Date of Trip: April 2005
I went to Montreal last April for three days, attracted by the idea of visiting a European city without leaving North America (and by a relatively cheap last-minute airfare). I’d been to France but never to French Canada — and I wondered, how different would they be?
Montreal definitely had a strongly French flavor to it, particularly in the “vieux” (or old) part of town. I loved wandering along the cobblestone streets and window shopping at various art galleries and boutiques. The heart of Vieux Montreal is Place Jacques-Cartier, a huge square that’s apparently very lively during the warmer months. (Note to self: don’t come here in April next time! It was quite chilly and gray, with plenty of rain. Yuck.) There are supposedly flower and food vendors, street performers, etc., though I saw little evidence of this during my visit. I did eat at a sidewalk cafe called La Grande Terrace (under an awning), but to be honest it wasn’t all that fabulous; this is a major tourist center, so all the prices are pretty inflated.
One of my favorite parts of Old Montreal was the Notre-Dame Basilica; I ended up going there several times (once on a quick city tour, and once for a frankly pretty cheesy multimedia presentation on the history of the city). The interior is absolutely breathtaking, with gilded wooden carvings, a magnificent organ with thousands of pipes, and a deep blue ceiling strewn with gold stars.
I had one fabulous dinner in Vieux Montreal at Modavie. I don’t remember exactly what I had, but it was some sort of chicken (good) with veggies (good) and risotto (to die for). I was in a bit of a hurry — wish I’d had time for dessert!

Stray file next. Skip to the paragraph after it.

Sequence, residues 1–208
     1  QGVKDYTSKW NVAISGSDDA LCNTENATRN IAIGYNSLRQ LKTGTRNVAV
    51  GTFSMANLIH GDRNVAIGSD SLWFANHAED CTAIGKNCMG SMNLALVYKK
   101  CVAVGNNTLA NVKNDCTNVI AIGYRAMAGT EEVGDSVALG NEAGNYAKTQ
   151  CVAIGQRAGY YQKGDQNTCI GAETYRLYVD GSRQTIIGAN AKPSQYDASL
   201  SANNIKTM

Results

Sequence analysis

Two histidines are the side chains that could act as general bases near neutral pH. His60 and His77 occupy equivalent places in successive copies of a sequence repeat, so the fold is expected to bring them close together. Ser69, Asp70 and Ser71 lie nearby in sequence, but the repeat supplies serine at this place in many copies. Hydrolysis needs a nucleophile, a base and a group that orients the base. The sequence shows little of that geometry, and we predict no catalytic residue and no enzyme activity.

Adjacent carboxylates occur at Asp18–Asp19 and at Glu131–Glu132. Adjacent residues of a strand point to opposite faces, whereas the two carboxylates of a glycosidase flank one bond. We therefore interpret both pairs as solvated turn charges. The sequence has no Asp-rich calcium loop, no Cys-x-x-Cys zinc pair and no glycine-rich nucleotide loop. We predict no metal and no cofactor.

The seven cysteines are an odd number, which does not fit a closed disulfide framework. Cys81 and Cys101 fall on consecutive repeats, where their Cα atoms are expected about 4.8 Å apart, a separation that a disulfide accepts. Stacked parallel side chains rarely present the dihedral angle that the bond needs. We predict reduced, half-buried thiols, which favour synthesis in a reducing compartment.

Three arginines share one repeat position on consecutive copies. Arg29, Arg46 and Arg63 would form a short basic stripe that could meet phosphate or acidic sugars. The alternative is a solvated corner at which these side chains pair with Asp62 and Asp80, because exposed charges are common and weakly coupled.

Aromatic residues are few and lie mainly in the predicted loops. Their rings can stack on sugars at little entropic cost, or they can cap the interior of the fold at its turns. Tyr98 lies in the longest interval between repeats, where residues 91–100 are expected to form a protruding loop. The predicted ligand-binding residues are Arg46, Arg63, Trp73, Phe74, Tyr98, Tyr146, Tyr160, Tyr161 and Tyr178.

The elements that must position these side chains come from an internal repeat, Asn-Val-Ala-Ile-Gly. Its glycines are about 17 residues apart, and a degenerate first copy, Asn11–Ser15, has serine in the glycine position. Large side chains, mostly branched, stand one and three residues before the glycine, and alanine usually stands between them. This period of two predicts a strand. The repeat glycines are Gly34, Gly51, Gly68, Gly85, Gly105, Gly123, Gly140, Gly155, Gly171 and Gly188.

I stayed in Vieux Montreal at the Hotel Nelligan, a relatively new boutique hotel named after Emile Nelligan, a local poet. It was one of the prettiest hotels I’ve ever stayed at, with exposed brick walls, a soft comfy bed with a decorative wooden headboard, and romantic lighting. (Too bad my boyfriend couldn’t make the trip with me!) Breakfast was held in Verses, the hotel’s restaurant, which has a four-story atrium surrounded by graceful balconies and potted plants on each level. A fountain provides some nice white noise while you eat.
Outside of Vieux Montreal, the city still felt European in some spots, particularly in the architecture and in the chic boutiques in the downtown shopping districts. But there were other places that felt more North American to me (perhaps just because they were more modern, with less French flair) — such as the Biodome and other attractions near the Olympic Stadium.
The Biodome is really for kids, I guess, but it was fabulous! Basically it’s four re-created natural habitats, complete with the animals and plants you’d see there. First you go through a tropical room, with monkeys scurrying from tree to tree and caimans lazing in the water at your feet. The next stop is the Laurentian forest (the Laurentians are a mountain range in the province of Quebec), where the highlights are the playful otters and a lynx that prowls up and down a “mountain” ridge. Then you go through “marine St. Lawrence,” which includes the birds and fish that live in the famous river, and finish up in the Antarctic, where penguins waddle clumsily on land but then zip through the water like little torpedoes.